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The Forest of Dean by H. G. Nicholls

The venerable Jack of the Yat


Mr.

Gee, speaking of the birds which he has observed on the north-east side of the Forest, states--"The raven is seen more frequently in the neighbourhood than in most parts of England: his croak over head is not at all an uncommon sound. A pair of buzzards will occasionally circle aloft for a considerable time. The snipe is found very early on the Forest, so much so that I have known in the month of July six killed in a day. The jack snipe particularly abounds about 'the Dam Pool.' The bittern has been twice shot near the same spot within the last twenty years. The seagull skims over occasionally from the Severn side. The water-ousel is frequently met with on the Forest brooks. The cross-bill comes sometimes into the neighbourhood. The turtle-dove particularly abounds, so that in early summer our woods are in a charm with their soft purring. The fern owls are very numerous. I once came on a considerable flock of the rare bird, the siskin. The titmouse tribe are abundant; but we never see the rarer species, the bearded or the crested tit. The chats and the wheatear are of course common. The woodpeckers are very common: even the two pied species might be obtained here with very little trouble. We are all over willow wrens in the spring. On the whole, I should say that it is a neighbourhood unfavourable for the observation of birds; and yet, were an observant naturalist to come among us, he would soon astonish us by what he would discover."

style="text-align: justify;">THE TIMBER.

Most strangers visiting the Forest do so in the expectation of seeing groves of stately timber covering the ground in every direction, and are much disappointed when they find the greater part to consist of oaks, barely fifty years old, comprised in enclosures, and the remainder of the surface disfigured by furnaces, collieries, and groups of inferior buildings. The Forest as it existed in the days of the Norman and Plantagenet kings, William I. and John, who resorted to it for the pleasures of the chase, when its dark recesses often concealed noble fugitives, or disposed its population to habits of violence and plunder, or at a still later period, when its stately trees had become objects of apprehension or jealousy to the Spaniards, was widely different from what it is at present. Few of the trees of those days have survived the fellings, spoliations, and storms of succeeding ages. According to Mr. Pepys, "a great fall" in Edward III.'s reign left only those which in his time were called "forbid trees," to be further reduced by the requirements of seventy-two iron forges, which then lit up the district, or the yet more voracious furnaces by which they were succeeded. One storm alone, viz. that of the 18th of February, 1662, prostrated in one night 1,000 oaks, and as many beech, whilst only 200 were, it is said, left standing after the wholesale fellings perpetrated by Sir John Winter. Of these select few, the venerable "Jack of the Yat," near the Coleford and Mitcheldean Road on the top of "The Long Hill," appears to be one.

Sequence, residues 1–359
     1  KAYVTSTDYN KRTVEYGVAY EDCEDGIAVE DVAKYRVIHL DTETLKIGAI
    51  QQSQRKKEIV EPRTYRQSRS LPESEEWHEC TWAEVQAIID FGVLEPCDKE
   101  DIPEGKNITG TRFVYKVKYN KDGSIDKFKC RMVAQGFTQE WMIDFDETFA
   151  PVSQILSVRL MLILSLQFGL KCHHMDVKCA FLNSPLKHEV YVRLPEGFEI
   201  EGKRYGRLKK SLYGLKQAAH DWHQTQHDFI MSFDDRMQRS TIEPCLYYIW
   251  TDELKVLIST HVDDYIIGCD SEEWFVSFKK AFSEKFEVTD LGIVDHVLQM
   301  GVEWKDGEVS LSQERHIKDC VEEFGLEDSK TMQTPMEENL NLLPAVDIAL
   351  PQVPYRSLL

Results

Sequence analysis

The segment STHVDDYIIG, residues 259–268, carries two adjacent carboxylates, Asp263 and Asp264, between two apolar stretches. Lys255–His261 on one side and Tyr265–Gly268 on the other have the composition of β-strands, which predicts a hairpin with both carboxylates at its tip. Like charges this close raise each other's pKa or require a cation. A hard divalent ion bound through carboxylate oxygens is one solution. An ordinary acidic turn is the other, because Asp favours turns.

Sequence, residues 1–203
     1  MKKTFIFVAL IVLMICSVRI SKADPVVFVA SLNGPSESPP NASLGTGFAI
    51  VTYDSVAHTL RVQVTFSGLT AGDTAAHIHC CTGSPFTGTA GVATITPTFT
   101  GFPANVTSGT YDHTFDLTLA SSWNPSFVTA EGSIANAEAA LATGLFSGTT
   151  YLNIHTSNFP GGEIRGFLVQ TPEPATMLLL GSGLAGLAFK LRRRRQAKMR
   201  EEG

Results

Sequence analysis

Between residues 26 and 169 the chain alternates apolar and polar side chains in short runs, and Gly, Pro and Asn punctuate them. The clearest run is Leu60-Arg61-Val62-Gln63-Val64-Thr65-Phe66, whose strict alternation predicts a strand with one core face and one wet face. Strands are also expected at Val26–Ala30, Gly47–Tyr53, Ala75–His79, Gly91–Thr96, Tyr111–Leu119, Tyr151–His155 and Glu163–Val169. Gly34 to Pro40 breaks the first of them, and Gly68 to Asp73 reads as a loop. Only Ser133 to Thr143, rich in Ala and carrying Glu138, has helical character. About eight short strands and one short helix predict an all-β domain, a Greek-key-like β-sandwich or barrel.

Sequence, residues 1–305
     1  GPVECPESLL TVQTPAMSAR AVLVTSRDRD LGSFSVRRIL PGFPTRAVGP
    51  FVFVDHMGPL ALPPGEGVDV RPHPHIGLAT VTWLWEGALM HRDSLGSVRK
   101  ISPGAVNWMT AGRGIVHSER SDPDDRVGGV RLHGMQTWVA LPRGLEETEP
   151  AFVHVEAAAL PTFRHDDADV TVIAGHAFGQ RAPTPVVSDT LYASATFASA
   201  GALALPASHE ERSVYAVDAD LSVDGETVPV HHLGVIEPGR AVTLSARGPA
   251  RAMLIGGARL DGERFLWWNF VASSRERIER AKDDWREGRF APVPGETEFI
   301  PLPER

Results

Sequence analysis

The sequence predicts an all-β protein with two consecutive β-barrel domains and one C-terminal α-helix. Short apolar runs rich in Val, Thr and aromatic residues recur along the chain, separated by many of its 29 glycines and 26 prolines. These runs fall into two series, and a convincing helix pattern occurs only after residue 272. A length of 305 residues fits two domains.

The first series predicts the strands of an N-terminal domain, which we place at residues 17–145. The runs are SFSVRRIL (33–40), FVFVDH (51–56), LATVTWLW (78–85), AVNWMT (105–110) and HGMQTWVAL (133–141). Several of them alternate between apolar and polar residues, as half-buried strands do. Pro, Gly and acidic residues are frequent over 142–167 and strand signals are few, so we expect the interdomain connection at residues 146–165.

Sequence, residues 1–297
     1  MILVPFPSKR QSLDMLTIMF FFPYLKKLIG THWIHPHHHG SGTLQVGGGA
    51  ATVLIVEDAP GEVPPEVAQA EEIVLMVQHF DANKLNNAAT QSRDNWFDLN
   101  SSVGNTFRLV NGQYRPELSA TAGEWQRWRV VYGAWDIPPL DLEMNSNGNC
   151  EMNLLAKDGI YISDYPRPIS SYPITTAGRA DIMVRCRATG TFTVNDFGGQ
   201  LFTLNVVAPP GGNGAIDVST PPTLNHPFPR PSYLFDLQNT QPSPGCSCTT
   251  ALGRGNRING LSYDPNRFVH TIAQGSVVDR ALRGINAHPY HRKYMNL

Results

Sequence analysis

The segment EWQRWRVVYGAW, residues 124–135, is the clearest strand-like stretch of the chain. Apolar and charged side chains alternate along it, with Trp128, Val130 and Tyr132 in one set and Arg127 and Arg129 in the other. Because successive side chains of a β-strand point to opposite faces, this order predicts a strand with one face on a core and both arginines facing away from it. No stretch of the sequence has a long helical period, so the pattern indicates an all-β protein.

[Picture: "Jack of the Yat"]

Mr. Machen thinks it the most ancient tree in the Forest, and probably four or five hundred years old. It is of the Quercus robur kind, or old English oak, the stalks of its acorns being long, with rarely more than one acorn on a stalk, and the stalks of its leaves short. A few years back it was struck by lightning, which has left a deep groove on its trunk. In 1830 it measured, at 6 feet from the ground, 17 feet 8.75 inches; and in 1846 upwards of 18 feet 3.5 inches: but it has long since passed its prime. {208} Two other oaks, similar in form, and fully as large in girth, yet exist, but in a decaying state, on Shapridge.


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